Symptoms

Advertisement

Feet change shape during pregnancy

Wrong footwear can kill
FOOT SHAPE: Feet flatten and lengthen in pregnancy.

Opinion poll

Did your feet change during pregnancy?

Vote View results

It's one of those weird side effects of pregnancy - one that most women are aware of, but which has gone largely unnoticed by the scientific community. But a new study has backed up what many mums already know: foot size increases during pregnancy - and it's often a permanent change.   

Headed by Neil Segal, an associate professor of orthopaedics and rehabilitation at the University of Iowa, a team of researchers measured the arch height and foot length of 49 women during pregnancy, and then again five months later.

Researchers found that foot length increased by 2-10mm, while the average arch height fell.

In total, up to 70 per cent of the women had their feet grow longer but flatter over the pregnancy period, with 11 even permanently changing shoe size.

The researchers believe that the changes are caused by the extra weight carried in pregnancy, which could put more stress on the feet, therefore flattening the arch. The pregnancy hormone relaxin may also have an impact, as it increases the looseness of ligaments and joints, possibly making the foot more malleable.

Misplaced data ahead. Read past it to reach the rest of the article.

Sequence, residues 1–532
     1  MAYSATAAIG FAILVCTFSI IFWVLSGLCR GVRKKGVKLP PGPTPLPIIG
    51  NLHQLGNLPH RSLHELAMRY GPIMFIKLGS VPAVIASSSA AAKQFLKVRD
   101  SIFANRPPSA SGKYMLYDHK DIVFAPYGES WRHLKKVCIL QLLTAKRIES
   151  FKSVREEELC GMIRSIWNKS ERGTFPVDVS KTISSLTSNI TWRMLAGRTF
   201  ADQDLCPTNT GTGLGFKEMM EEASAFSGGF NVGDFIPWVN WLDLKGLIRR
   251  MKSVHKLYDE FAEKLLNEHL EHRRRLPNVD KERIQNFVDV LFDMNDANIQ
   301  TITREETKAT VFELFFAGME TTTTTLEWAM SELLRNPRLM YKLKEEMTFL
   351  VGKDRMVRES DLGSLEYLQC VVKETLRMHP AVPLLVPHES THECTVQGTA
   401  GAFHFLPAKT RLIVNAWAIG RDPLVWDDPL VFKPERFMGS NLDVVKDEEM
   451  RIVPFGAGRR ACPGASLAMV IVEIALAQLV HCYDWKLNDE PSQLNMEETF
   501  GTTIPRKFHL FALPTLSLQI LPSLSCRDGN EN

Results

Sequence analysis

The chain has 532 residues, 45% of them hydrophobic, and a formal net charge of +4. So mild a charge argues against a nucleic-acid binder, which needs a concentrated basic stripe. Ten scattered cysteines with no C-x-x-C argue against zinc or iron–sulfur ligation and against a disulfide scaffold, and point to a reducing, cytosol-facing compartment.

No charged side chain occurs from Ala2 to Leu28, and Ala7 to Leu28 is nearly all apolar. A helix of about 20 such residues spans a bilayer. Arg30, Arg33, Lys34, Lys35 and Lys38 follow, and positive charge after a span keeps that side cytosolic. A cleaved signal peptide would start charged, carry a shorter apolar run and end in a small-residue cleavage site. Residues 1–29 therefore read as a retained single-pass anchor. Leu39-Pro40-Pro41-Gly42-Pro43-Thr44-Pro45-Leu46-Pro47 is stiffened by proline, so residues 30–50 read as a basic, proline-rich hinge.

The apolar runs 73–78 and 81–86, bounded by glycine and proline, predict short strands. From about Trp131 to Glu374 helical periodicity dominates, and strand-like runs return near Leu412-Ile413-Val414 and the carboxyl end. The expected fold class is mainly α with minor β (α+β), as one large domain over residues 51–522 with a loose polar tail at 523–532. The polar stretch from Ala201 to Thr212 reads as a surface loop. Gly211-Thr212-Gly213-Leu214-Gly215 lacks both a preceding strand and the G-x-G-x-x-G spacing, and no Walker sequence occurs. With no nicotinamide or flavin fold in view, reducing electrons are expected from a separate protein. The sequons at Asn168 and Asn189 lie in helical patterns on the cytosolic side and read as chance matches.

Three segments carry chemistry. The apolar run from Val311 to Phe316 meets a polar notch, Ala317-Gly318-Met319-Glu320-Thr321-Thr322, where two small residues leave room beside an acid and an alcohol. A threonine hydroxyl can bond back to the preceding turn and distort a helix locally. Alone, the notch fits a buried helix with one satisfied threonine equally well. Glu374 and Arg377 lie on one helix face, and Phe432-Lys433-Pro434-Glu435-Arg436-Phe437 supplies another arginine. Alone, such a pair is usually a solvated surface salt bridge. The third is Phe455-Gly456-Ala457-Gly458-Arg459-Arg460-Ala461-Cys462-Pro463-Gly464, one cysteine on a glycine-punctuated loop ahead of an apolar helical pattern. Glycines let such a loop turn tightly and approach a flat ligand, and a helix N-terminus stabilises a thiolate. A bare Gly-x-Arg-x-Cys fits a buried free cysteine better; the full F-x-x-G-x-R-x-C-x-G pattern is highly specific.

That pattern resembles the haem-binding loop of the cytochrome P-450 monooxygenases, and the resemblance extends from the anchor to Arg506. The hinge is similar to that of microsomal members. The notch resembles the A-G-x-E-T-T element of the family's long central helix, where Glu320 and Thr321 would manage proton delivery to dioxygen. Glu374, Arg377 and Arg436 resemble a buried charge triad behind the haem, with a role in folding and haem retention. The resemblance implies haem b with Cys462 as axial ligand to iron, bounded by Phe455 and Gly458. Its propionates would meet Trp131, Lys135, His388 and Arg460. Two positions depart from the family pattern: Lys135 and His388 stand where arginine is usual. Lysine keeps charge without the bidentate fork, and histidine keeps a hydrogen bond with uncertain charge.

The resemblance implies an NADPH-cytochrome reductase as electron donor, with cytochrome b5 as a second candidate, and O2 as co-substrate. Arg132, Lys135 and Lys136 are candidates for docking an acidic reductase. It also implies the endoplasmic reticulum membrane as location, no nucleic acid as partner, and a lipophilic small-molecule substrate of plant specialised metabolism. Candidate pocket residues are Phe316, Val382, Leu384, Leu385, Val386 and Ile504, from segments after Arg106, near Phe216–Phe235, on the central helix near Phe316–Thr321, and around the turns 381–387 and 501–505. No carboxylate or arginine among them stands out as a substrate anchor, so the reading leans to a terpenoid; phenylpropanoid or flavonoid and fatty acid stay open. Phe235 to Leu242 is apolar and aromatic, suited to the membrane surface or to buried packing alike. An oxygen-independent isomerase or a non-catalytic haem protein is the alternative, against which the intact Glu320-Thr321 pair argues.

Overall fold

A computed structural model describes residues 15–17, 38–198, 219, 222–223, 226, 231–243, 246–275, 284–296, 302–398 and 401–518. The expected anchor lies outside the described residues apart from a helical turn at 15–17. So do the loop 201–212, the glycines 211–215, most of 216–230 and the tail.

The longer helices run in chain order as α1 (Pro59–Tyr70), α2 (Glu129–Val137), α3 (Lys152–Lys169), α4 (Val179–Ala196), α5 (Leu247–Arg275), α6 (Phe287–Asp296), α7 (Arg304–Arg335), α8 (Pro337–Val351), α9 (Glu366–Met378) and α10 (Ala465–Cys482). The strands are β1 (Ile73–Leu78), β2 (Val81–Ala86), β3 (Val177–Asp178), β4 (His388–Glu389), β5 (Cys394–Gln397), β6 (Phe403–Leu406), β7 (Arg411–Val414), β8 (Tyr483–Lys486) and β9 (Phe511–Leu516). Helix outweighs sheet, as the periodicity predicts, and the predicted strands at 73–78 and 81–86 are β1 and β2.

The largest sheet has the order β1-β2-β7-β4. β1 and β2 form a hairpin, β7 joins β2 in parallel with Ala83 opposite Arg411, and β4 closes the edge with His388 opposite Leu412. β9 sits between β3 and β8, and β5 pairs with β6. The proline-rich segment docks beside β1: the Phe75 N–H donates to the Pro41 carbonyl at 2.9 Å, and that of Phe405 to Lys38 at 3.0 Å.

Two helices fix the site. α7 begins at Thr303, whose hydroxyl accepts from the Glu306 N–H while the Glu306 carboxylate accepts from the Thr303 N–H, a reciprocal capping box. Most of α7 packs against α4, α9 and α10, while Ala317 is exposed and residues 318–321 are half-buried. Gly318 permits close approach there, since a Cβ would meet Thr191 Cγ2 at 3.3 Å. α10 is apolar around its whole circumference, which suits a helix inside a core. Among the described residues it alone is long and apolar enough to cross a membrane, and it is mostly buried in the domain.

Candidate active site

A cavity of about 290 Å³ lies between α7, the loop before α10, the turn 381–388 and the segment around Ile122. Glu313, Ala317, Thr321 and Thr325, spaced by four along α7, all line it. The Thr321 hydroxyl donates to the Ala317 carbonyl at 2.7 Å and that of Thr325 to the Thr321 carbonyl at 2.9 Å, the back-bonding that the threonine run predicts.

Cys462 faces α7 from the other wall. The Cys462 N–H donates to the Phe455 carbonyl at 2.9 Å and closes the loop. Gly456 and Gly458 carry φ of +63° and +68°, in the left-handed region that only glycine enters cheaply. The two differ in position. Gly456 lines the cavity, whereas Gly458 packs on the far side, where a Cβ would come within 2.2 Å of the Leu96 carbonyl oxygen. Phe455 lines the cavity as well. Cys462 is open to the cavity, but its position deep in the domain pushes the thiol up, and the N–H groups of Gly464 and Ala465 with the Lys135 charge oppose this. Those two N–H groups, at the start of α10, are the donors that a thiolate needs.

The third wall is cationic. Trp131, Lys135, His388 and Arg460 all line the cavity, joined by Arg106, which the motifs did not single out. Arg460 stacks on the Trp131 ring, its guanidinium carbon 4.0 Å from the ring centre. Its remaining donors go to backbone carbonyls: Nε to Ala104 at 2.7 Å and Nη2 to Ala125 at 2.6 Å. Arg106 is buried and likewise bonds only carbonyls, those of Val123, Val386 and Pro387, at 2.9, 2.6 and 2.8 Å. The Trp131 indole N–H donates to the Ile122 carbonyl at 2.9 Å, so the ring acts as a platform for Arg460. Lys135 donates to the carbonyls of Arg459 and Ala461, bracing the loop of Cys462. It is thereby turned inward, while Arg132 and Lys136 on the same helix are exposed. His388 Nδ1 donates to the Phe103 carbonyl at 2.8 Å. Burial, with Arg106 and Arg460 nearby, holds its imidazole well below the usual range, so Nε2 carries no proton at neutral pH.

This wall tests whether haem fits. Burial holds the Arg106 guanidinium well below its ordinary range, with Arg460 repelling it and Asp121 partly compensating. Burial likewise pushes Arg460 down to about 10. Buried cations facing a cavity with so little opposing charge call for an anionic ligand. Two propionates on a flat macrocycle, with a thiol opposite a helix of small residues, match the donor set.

A flattened foot can strain the ligaments in the sole, changing the normal gait and putting extra strain on the knees, Segal said, explaining that this could be part of the reason why women are at higher risk of pain and arthritis in their feet, hips and spine than men. He plans to investigate whether modifying the shoes of pregnant women could help prevent the foot flattening.  

Interestingly, women involved in the study noticed the largest changes if it was their first pregnancy: those who already had two or more children didn't see such a difference. Segal believes this is because the first pregnancy has the biggest impact on foot size and shape, but says a larger study would be needed to confirm the idea.

The study will be published in the March issue of the American Journal of Physical Medicine & Rehabilitation.

Advertisement Feedback

Advertisement

- Essential Baby

To discuss this story further, visit the forums

Join our Mums' Hub community!
Get exclusive access to:
  • Discussions on our forums
  • Comments on our stories
  • Newsletter guides to pregnancy, babies and toddlers
  • A personal profile and the chance to connect with other mums
  • Newsletter updates from the Essential Mums team
  • Competitions and the chance to win great prizes.
sign up now!
symptoms em small pregnancy 2

Morning sickness

Up to 80 per cent of pregnant women get morning sickness - and not just in the mornings.